How one mum pulled through with no support form her so-called ‘friends.’
Last month I celebrated my daughter’s 1st birthday. The gifts came so thick and fast I had to do a Kmart run for plastic tubs to house her new collections. Congratulations you made it, the baby made it, or other variations of these words were sprawled across her birthday cards.
Amongst all this glitter and banner hanging, I was quietly reflecting. The support I was receiving on that day was so apparent I couldn’t help but wonder where it had been for the other 11 months and 29 days.
Even though I had an extensive community of friends, family, nurses etc. I still felt vulnerable and raw. What was meant to be my so-called network of support was actually just a circle of passive aggressive comments, dismissiveness and an air of some sort of secrecy as if everyone was playing their cards close to their chest. It floored me.
I confided to my sister one day that I thought I might be pregnant. “What makes you say that?” She asked. I rattled off a list of things I had read on the Internet that I thought I should most definitely be on the look out for. She was asking because she had been pregnant “last month”. Her partner had talked her into an abortion. She was heartbroken and has never been the same.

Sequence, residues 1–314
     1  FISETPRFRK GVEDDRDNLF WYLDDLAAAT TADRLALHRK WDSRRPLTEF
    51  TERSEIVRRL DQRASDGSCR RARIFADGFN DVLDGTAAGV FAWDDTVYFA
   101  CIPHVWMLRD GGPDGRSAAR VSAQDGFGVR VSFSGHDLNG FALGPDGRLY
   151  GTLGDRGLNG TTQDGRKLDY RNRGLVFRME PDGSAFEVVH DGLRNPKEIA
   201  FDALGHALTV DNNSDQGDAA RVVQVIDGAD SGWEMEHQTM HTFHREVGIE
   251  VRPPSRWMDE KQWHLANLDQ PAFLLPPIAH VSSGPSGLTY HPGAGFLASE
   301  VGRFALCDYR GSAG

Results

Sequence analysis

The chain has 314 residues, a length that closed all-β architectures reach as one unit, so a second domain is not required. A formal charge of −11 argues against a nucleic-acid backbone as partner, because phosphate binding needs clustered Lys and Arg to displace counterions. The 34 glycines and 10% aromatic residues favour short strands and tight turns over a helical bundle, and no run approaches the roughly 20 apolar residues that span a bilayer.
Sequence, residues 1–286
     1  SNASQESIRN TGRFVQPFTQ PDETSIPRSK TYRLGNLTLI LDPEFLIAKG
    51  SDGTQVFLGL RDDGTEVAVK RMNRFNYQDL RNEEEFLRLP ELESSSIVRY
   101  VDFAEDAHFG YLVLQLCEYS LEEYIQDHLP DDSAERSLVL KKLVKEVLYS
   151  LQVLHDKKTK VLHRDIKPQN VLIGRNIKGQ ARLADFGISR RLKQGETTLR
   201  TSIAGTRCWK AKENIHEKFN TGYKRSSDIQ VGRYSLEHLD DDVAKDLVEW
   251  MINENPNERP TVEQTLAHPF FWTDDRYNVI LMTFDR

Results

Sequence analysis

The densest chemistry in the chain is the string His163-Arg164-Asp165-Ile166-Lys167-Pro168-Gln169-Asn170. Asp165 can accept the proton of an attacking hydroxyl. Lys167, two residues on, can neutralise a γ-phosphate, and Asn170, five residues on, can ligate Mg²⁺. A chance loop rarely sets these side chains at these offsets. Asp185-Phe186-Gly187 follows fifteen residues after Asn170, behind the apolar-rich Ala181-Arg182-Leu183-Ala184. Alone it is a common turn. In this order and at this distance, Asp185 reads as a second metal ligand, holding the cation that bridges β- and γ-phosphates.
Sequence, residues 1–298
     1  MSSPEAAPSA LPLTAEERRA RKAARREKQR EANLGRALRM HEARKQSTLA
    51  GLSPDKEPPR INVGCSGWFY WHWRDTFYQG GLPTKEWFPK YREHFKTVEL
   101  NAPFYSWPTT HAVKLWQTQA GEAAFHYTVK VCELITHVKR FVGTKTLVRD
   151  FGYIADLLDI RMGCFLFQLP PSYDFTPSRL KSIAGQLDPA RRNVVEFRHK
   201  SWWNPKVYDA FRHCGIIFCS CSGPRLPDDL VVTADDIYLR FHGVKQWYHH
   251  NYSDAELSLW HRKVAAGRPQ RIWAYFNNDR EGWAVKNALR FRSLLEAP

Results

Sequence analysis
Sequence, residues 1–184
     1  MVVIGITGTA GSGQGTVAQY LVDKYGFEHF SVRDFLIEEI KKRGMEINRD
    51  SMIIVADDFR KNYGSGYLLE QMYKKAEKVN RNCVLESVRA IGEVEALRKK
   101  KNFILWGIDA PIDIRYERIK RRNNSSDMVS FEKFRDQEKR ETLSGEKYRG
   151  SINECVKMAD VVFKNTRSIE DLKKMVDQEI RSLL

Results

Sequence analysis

I did turn out to be pregnant. For 9 months I was unable to revel in the joy of my pregnancy with my loved ones for fear of upsetting my sister. My family followed suit and the whole saga became taboo. This became worse when a best friend at work suffered a miscarriage. After that, work became a logistical nightmare with that friend bursting into tears every time she saw me. It was fair yet unfair at the same time.
Fast-forward and here I am in labour. I had always wanted a natural birth. I had read my hypnobirthing books and I was almost excited about the 'impending doom' to be honest. Everything went well for me and I got my natural birth. I felt proud. I had a few friends give birth around the same time (all with some form of intervention) and they screwed up their noses at me when I began to mention my birth story after I had supported them whilst they told theirs.
Obviously I was gloating, obviously I felt superior right? Wrong. All I wanted was to be able to talk about my labour in the same way I was listening to others talk about theirs. I was not judging, I was just so super impressed that we had all gone through this incredible experience in a similar time frame, I thought that it would randomly bond us for life. How wrong I was. They started sharing articles on social media and I slowly retreated into my unwashed bed sheets feeling alone. I had inadvertently become a target for mummy bullies who were sharing articles about being mummy bullied.